Exciting times for City of Wolverhampton College
When Claire Boliver joined the ranks at City of Wolverhampton College four years ago, she admits it was in a 'dark place'.
It had fallen into financial difficulties, the quality of some of its courses was deemed not up to scratch and staff morale was low.
But since then the 54-year-old, who is now at the helm as principal, has helped to spearhead a major transformation of its fortunes.
The college is now rated as 'good' with many 'outstanding' features after been branded 'inadequate' by Ofsted in 2012, its finances have been brought back under control and staff have won awards for their programmes.
This summer saw the college record its best ever A-level results while a £40million plan to move its main campus into the heart of Wolverhampton to improve the facilities on offer as part of a new city centre 'learning quarter' is also in the pipeline.
Mrs Boliver, who joined as deputy principal in 2013, said she believes there is now a bright future ahead for the college, saying it has put its troubles well behind it.
"The college has been on such a long journey since I came here four years ago. It was in quite a dark place in terms of its quality and finances.
"It had been a good college but then it lost it's way and crashed and burned. Staff morale was low because nobody wanted to work at a college that was perceived to be a failing college.
"In the early days we were firefighting but after two years of firefighting we achieved a lot in a short space of time. Now it's a good college again.
"The quality has improved. I'm excited that we can now look forward. There are a lot of positive things on the horizon," said Mrs Boliver.
One of the priorities for the team, which earlier this year won an Association of Colleges (AoC) award, is to push forward with moving from the existing Paget Road site and into Wolverhampton city centre.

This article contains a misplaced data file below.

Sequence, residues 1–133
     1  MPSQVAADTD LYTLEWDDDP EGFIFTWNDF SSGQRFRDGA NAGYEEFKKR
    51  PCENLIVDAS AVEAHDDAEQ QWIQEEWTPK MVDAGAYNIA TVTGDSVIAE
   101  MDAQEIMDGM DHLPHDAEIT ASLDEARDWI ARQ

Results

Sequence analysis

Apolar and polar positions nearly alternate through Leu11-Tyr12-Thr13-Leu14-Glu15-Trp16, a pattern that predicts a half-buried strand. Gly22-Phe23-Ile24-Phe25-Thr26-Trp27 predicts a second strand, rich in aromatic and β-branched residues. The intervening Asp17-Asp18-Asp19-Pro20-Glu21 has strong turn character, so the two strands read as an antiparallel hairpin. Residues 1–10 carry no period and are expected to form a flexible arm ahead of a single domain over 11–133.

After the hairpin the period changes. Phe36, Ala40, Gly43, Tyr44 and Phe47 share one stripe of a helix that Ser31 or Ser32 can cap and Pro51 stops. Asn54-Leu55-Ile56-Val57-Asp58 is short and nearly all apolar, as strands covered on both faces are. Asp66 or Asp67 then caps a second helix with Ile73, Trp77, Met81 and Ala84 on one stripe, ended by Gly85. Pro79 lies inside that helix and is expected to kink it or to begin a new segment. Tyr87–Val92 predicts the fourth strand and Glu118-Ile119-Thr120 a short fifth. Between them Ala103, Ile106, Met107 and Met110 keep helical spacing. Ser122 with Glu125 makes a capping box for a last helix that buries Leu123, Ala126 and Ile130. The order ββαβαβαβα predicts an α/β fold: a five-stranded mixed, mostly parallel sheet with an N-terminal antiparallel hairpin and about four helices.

It follows the Department for Education’s Black Country Area Review, which last year criticised Paget Road as being dilapidated and too far away from the city centre.
The college management recognises the need to upgrade its facilities and provide a modern campus that is more accessible to it's students.
"We look at colleges around the Black Country and they've all got new, shiny buildings but Wolverhampton hasn't been able to achieve that," said Mrs Boliver.
Speaking about Paget Road, she added: "It can be quite a trek for students to get here especially if they live on the opposite side of the city. They have to come into the city and then out again so being in the centre of the city will be more accessible."
The new £40m campus will see the college's existing Metro One site in Bilston Street extended in an area around the old Faces nightclub and include the adult learning campus and Central Library.
The latter would continue to serve the public but would also provide resource facilities for college students with a new walkway connecting the buildings on the site.
Architects have been appointed to start the design process and funding will be in place with some of the cash coming from the Black Country Local Enterprise Partnership, City of Wolverhampton Council and proceeds from the sale of Paget Road once they have vacated the land.
Mrs Boliver said the aim was to be able to open the doors of the revamped campus to students by September 2019, adding: "There is going to be a mixture of refurbishment of existing buildings and new build on the site."
"It's really going to be an exciting project and a great addition to the city."
She hopes it will also lead to the college,which already has around 10,000 learners each year, attracting more students through its doors and into higher education.
At the same time the team will be continues its efforts to build on the improvements it has made during the past four years. "We are a good college with outstanding features - we want to be an outstanding college," said Mrs Boliver.
For the principal , who had previously worked at South Staffordshire College for 26 years, her biggest consideration each and every day is the students.
"I've been working on the sector for 31 years and the students are the best part of my job. That's why I get up in the morning. When I returned from holiday I had a letter from a parent saying what a difference we had been able to make the life of their child. We make a difference here," she said.
"Our biggest priority is student success - making sure every student that comes into the college is successful," she added.
"If we are talking about any decision, we always ask is it going to have a positive impact on the students? If the answer is no, then we don't do it. We have to put the students first.
"We have a lot of adults here, a lot of 19 and 20-year-olds who have left school a few years ago and we have young fathers who have had children and then come back to education.
"We are often people's last chance so we want to make sure we give them the best chance," said Mrs Boliver.
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